A special variable can be set automatically during processing of a Rexx program. There are five special variables:
is set to the return code from any executed command (including those submitted with the ADDRESS instruction). After the trapping of ERROR or FAILURE conditions, it is also set to the command return code. When the SYNTAX condition is trapped, RC is set to the syntax error number (1-99). RC is unchanged when any other condition is trapped.
Note: Commands executed manually during interactive tracing do not change the value of RC.
is set by a RETURN instruction in a subroutine that has been called, or a method that was activated by a message instruction, if the RETURN instruction specifies an expression. (See EXIT, REPLY, and RETURN.) If the RETURN instruction has no expression, RESULT is dropped (becomes uninitialized). Note that an EXIT or REPLY instruction also sets RESULT.
is set when a method is activated. Its value is the object that forms the execution context for the method (that is, the receiver object of the activating message). You can use SELF to:
Run a method in an object in which a method is already running. For example, a Find_Clues method is running in an object called Mystery_Novel. When Find_Clues finds a clue, it sends a Read_Last_Page message to Mystery_Novel:
Pass references about an object to the methods of other objects. For example, a Sing method is running in object Song. The code Singer2~Duet(self) would give the Duet method access to the same Song.
is set to the line number of the last instruction that caused a transfer of control to a label (that is, any SIGNAL, CALL, internal function call, or trapped condition). See The Special Variable SIGL.
is set when a method is activated. Its value is the class object that is the usual starting point for a superclass method lookup for the SELF object. This is the first immediate superclass of the class that defined the method currently running. (See Classes and Instances.) If the current method was defined by a class in the direct inheritance chain, SUPER will always refer to the immediate superclass that class. If the current method is defined by a mixin class, the SUPER variable will always be the superperclass of the mixin class.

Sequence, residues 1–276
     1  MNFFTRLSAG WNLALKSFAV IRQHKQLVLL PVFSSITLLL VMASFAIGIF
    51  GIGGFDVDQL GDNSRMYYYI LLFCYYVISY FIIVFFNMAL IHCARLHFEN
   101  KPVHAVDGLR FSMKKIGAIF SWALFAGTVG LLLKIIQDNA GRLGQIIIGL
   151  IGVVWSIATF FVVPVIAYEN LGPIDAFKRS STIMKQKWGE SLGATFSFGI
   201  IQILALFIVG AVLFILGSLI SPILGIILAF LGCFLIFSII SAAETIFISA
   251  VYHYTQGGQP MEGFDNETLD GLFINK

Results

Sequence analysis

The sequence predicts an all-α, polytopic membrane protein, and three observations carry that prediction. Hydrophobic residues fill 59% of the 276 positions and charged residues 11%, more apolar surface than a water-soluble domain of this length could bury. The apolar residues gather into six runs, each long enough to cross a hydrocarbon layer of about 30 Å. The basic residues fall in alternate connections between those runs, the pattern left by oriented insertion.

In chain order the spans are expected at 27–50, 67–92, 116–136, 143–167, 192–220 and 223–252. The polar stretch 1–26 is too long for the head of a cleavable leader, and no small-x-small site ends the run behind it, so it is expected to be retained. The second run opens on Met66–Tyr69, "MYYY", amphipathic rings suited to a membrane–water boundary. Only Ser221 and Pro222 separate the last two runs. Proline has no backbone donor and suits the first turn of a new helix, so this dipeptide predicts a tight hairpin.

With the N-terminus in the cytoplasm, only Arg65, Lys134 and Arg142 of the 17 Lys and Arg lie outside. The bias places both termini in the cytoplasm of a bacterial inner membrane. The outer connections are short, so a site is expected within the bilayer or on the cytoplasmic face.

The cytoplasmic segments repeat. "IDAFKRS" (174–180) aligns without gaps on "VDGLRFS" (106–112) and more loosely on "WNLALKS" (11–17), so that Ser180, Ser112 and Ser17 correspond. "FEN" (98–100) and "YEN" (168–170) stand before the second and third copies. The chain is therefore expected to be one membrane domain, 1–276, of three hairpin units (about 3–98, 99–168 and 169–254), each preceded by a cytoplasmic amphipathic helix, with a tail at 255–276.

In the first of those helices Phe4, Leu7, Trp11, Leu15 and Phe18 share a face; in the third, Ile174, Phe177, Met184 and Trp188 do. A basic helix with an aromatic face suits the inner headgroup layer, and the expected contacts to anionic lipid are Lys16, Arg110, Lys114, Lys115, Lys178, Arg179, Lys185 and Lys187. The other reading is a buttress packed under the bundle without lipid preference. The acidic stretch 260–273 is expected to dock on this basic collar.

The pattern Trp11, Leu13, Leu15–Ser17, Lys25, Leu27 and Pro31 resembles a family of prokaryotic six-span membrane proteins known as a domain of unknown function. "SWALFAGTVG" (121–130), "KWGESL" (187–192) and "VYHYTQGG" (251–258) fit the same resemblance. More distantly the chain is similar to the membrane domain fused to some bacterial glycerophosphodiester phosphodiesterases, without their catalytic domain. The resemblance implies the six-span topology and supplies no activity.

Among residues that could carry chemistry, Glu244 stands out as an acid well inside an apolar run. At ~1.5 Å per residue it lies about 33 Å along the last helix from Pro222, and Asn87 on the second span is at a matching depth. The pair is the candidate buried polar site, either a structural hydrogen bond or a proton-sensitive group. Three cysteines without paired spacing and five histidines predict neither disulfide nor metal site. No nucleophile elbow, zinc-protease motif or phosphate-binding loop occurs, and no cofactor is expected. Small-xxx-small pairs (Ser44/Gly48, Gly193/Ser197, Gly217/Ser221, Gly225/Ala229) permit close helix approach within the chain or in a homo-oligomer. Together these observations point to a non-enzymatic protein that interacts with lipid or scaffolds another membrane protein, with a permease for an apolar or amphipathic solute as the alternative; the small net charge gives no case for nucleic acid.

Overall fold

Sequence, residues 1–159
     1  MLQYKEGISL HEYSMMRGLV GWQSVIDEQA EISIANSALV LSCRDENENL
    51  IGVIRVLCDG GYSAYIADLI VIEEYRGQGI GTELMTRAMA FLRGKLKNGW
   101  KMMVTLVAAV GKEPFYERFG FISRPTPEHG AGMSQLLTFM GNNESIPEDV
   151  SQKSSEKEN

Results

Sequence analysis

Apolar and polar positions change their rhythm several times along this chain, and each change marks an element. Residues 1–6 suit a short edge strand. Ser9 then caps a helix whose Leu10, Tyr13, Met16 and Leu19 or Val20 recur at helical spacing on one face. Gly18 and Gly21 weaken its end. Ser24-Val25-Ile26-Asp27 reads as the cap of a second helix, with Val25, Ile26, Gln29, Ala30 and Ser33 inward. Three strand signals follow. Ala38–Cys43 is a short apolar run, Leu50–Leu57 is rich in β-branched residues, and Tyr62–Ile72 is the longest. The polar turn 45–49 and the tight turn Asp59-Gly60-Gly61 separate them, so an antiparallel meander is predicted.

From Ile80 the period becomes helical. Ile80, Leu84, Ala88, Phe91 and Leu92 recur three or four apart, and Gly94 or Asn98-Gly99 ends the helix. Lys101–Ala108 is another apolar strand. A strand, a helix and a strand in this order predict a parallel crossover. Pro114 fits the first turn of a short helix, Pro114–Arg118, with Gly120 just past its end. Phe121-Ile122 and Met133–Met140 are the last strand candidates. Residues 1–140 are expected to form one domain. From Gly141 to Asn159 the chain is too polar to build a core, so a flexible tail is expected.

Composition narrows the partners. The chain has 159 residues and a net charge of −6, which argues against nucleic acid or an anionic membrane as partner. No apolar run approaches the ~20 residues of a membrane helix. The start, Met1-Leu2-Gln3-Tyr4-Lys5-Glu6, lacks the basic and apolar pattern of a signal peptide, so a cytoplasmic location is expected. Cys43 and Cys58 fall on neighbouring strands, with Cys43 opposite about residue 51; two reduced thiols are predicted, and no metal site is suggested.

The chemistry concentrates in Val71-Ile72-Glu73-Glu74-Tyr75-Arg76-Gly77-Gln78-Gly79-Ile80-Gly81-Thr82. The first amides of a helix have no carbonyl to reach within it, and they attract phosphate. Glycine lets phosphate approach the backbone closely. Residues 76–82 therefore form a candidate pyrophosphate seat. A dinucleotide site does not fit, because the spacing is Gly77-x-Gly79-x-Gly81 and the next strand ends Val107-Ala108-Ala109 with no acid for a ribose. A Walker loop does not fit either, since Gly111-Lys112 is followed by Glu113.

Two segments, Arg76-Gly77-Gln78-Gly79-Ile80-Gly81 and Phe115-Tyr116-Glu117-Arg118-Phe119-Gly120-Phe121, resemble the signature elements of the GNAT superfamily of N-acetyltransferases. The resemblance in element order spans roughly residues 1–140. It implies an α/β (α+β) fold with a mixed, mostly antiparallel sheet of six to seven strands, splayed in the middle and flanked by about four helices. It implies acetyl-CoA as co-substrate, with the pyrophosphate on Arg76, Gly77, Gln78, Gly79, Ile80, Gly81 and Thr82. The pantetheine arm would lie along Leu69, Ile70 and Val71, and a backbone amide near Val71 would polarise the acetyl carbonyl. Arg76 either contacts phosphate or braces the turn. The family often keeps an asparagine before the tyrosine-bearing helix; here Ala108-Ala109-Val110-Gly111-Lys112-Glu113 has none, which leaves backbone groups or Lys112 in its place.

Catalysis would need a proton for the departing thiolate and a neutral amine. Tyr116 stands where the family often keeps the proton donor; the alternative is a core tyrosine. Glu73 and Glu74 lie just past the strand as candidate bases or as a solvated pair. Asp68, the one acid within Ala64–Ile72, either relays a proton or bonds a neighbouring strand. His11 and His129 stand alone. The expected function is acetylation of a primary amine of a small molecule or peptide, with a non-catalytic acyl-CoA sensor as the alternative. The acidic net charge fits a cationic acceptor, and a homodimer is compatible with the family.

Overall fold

The special variable SUPER lets you call a method in the superclass of an object. For example, the following Savings class has INIT methods that the Savings class, Account class, and Object class define.
::class Account ::method INIT expose balance use arg balance self~init:super /* Forwards to the Object INIT method */ ::method TYPE return "an account" ::method name attribute ::class Savings subclass Account ::method INIT expose interest_rate use arg balance, interest_rate self~init:super(balance) /* Forwards to the Account INIT method */ ::method type return "a savings account"
When the INIT method of the Savings class is called, the variable SUPER is set to the Account class object. The instruction:
self~init:super(balance) /* Forwards to the Account INIT method */
calls the INIT method of the Account class rather than recursively calling the INIT method of the Savings class. When the INIT method of the Account class is called, the variable SUPER is assigned to the Object class.
self~init:super /* Forwards to the Object INIT method */
calls the INIT method that the Object class defines.
You can alter these variables like any other variable, but the language processor continues to set RC, RESULT, and SIGL automatically when appropriate. The EXPOSE, PROCEDURE, USE and DROP instructions also affect these variables.
Rexx also supplies functions that indirectly affect the execution of a program. An example is the name that the program was called by and the source of the program (which are available using the PARSE SOURCE instruction). In addition, PARSE VERSION makes available the language version and date of Rexx implementation that is running. The built-in functions ADDRESS, DIGITS, FUZZ, FORM, and TRACE return other settings that affect the execution of a program.